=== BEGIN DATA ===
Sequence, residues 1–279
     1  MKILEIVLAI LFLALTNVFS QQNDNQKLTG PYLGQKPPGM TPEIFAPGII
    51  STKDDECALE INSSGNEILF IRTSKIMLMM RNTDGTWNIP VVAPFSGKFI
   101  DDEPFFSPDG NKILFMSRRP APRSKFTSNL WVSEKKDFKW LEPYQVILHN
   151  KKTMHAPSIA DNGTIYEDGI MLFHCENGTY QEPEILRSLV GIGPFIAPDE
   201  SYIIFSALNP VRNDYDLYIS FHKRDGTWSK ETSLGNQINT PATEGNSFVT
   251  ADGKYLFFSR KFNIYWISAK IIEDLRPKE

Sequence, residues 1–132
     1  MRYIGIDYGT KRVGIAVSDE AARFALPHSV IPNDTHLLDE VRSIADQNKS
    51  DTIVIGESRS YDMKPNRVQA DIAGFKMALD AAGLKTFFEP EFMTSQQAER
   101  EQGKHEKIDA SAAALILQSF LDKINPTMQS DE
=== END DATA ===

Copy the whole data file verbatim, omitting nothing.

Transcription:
Sequence, residues 1–279
     1  MKILEIVLAI LFLALTNVFS QQNDNQKLTG PYLGQKPPGM TPEIFAPGII
    51  STKDDECALE INSSGNEILF IRTSKIMLMM RNTDGTWNIP VVAPFSGKFI
   101  DDEPFFSPDG NKILFMSRRP APRSKFTSNL WVSEKKDFKW LEPYQVILHN
   151  KKTMHAPSIA DNGTIYEDGI MLFHCENGTY QEPEILRSLV GIGPFIAPDE
   201  SYIIFSALNP VRNDYDLYIS FHKRDGTWSK ETSLGNQINT PATEGNSFVT
   251  ADGKYLFFSR KFNIYWISAK IIEDLRPKE

Sequence, residues 1–132
     1  MRYIGIDYGT KRVGIAVSDE AARFALPHSV IPNDTHLLDE VRSIADQNKS
    51  DTIVIGESRS YDMKPNRVQA DIAGFKMALD AAGLKTFFEP EFMTSQQAER
   101  EQGKHEKIDA SAAALILQSF LDKINPTMQS DE